TRIPOLI — NATO
Wednesday extended its Libyan air war by three months and said the departure of Moamer Kadhafi is only a question of time, as the strongman’s oil minister reportedly defected to the rebellion.
Hours after NATO-led aircraft launched new raids on Tripoli, ambassadors of the military alliance meeting in Brussels decided to renew the mission for another 90 days to late September.
“This decision sends a clear message to the Kadhafi regime. We are determined to continue our operation to protect the people of Libya,” said NATO Secretary General Anders Fogh Rasmussen.
“We will sustain our efforts to fulfil the United Nations mandate” to defend civilians from Kadhafi’s forces, he said in a statement, adding: “We will keep up the pressure to see it through.”
NATO, whose current campaign expires on June 27, has intensified its air raids in recent weeks with daily strikes on command and control bunkers in Tripoli to prevent Kadhafi from crushing a revolt that began in mid-February.
Wednesday’s decision would give individual nations time to prepare their contributions for the next 90 days, a NATO diplomat said.
“There were very positive signs that nations will extend with the appropriate number of resources,” the diplomat said.
In Rome, news agency ANSA reported that Libyan Oil Minister Shukri Ghanem announced Wednesday he had resigned and left Libya to join the uprising against Kadhafi “to fight for a democratic country.”
“I can’t work in this situation so I have left my country and my job to join the choice made by young Libyans to fight for a democratic country,” he said in Rome, following weeks of rumours and denials about his defection.
“There is a lot of internal and external pressure in Libya right now… There could be many solutions, including a peaceful solution,” he said, according to the report.
Ghanem added though that he was not working with the National Transitional Council in Benghazi, the main rebel administration in eastern Libya.
Italy’s foreign ministry denied any role in arranging Ghanem’s presence in the country but welcomed the announcement, after eight Libyan military officers this week announced their defection at a press conference in Rome.
NATO’S Rasmussen told reporters in Brussels that Kadhafi’s departure is only a question of time.
“The question is not if Kadhafi will go but when,” Rasmussen said. “It could take some time yet but it could also happen tomorrow.”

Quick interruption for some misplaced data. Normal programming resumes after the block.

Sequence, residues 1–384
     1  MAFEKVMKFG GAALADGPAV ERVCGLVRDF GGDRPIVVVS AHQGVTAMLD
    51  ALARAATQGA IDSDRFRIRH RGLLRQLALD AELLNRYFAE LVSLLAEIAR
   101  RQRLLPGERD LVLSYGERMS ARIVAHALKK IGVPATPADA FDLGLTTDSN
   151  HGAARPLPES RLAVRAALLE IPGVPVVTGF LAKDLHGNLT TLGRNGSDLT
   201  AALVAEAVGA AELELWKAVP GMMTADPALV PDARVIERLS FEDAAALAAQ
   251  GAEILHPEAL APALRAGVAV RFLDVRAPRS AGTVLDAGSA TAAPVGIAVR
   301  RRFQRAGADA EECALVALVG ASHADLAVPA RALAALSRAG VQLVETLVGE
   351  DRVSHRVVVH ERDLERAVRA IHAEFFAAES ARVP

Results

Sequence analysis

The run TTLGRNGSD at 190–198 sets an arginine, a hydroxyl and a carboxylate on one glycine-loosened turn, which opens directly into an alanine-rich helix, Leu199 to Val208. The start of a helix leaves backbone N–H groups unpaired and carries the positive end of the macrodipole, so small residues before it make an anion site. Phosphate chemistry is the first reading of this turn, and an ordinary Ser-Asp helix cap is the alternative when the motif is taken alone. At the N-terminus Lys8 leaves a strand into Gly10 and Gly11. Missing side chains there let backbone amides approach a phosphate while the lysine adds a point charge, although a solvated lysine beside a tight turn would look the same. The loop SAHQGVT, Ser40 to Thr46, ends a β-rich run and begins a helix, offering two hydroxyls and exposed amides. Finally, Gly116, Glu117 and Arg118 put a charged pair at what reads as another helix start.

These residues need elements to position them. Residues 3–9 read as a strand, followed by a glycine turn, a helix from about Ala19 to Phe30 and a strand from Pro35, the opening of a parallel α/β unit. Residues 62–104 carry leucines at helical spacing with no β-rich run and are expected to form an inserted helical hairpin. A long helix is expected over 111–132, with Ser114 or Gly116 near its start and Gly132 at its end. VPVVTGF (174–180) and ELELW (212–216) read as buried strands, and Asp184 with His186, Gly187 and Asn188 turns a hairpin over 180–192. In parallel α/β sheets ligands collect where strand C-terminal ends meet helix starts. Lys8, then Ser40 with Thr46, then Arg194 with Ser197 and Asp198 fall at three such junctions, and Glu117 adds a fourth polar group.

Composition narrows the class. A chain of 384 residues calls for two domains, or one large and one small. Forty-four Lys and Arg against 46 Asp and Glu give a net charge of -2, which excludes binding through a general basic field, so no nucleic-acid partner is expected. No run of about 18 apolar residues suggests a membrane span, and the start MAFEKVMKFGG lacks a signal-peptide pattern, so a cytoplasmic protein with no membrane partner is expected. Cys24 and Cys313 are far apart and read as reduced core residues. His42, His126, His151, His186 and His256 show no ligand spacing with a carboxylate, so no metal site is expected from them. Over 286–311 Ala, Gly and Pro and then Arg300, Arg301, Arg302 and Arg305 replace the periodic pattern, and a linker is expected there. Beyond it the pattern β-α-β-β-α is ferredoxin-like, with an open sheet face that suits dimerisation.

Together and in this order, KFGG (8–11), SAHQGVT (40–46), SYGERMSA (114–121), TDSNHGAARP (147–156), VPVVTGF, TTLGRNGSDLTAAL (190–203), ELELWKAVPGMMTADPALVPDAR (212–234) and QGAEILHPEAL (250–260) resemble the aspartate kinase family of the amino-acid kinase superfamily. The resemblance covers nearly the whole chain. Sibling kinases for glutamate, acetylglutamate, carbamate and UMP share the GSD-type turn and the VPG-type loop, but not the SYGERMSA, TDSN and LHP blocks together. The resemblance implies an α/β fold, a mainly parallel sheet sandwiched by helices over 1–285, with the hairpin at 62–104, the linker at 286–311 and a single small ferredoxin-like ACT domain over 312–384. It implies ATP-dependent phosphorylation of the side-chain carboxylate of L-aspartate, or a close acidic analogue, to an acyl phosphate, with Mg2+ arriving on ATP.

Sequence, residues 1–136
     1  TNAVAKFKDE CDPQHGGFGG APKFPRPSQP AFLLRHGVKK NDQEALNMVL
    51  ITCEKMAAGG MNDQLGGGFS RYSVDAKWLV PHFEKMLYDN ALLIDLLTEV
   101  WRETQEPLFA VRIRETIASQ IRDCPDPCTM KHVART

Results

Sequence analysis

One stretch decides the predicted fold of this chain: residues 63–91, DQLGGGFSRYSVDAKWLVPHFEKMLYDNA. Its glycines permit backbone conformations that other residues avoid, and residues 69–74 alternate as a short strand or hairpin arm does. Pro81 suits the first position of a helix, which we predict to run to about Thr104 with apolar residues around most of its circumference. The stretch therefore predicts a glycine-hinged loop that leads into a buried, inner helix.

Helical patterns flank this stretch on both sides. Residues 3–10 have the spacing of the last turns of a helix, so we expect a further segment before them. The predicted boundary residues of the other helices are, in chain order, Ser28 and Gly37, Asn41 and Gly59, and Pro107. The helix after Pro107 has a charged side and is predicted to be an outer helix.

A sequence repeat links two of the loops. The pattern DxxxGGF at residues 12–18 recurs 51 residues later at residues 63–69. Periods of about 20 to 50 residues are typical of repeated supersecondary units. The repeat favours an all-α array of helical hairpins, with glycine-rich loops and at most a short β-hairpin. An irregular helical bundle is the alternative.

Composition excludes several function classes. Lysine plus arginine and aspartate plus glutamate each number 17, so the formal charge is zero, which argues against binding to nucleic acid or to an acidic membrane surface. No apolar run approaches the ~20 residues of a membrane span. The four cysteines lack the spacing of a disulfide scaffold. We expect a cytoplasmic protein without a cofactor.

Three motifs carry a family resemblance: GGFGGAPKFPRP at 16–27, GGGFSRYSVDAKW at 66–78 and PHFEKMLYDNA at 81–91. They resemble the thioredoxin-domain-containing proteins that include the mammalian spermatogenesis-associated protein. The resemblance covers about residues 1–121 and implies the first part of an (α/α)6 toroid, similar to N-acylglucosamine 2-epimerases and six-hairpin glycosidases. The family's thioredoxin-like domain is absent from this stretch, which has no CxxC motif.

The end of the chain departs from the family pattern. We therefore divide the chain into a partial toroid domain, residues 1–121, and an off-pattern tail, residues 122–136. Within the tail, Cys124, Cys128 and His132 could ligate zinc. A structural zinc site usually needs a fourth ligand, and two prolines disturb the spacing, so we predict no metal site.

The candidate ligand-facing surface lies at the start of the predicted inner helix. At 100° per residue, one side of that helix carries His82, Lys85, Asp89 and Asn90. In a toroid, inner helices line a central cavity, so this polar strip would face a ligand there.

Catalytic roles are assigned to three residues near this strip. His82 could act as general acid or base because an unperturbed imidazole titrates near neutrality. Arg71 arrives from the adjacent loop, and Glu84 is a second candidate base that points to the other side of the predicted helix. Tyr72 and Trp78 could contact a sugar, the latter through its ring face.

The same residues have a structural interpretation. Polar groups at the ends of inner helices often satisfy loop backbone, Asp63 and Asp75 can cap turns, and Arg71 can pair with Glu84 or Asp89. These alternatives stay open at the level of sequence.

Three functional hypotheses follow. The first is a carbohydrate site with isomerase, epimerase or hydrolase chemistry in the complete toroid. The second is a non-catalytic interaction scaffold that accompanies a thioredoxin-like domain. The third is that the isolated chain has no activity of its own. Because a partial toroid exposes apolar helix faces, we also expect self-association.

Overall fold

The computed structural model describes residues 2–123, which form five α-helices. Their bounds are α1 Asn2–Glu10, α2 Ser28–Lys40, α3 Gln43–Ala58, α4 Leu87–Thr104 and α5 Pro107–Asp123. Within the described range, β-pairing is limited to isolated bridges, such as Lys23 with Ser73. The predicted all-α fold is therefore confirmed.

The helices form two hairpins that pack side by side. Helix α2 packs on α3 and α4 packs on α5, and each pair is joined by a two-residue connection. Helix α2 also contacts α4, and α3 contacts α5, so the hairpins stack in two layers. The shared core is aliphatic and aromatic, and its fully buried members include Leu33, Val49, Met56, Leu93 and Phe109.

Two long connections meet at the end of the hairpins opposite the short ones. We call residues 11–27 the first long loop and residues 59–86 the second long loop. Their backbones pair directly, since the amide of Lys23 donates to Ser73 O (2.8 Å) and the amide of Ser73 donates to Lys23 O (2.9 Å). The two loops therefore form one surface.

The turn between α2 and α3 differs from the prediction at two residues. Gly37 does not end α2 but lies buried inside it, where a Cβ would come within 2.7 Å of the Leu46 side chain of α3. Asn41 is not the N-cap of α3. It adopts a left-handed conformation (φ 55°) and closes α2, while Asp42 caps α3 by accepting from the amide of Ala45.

He added: “I hope to see a solution in Libya before the expiration of the 90-day mandate.”
At a news conference in Tripoli, Libyan government spokesman Mussa Ibrahim warned the departure of Libya’s veteran leader would be a “worst case scenario” for the country.
“If Kadhafi goes, the security valve will disappear,” he said.
“Kadhafi’s departure would be the worst case scenario for Libya,” he told reporters, and warned of “civil war.”
In London, The Guardian newspaper reported former members of Britain’s Special Air Service (SAS) working for private security companies were in Misrata — the main rebel-held city in western Libya — advising the rebels and supplying information to NATO.
The former soldiers were gathering information about the location and movement of Kadhafi’s troops and passing it on to NATO’s command centre in Naples, military sources told The Guardian.
Defence ministry officials denied the private soldiers were being paid by the British government and insisted it had no combat troops on the ground.
The Guardian said the soldiers were reportedly being paid by Arab countries, notably Qatar.
Reports of their presence emerged after Arabic news channel Al-Jazeera on Monday showed video footage of six armed westerners talking to rebels in Misrata.
The head of the African Union Commission meanwhile voiced support Wednesday for Russian mediation of the Libyan crisis but insisted that Africa should remain a key player in finding a resolution.
“Anyone who can contribute to a resolution of the situation in Libya is welcome,” said AU Commission chairman Jean Ping.
“If the Russians can help find a solution, they are welcome. We can’t ask for anything better,” Ping told a news conference in Brussels after talks with European Commission president Jose Manuel Barroso.
Prodded by G8 partners at a summit in France last week, Russia, a critic of the NATO air war in Libya, agreed to act as a mediator in the conflict and openly called for Kadhafi to step down.
But Ping stressed that the AU cannot be marginalised in efforts to bring a political solution to the conflict, which began in mid-February when Kadhafi countered an uprising against his 41-year dictatorship.
“Libya is in Africa and we cannot find a solution by sidelining Africa,” Ping said.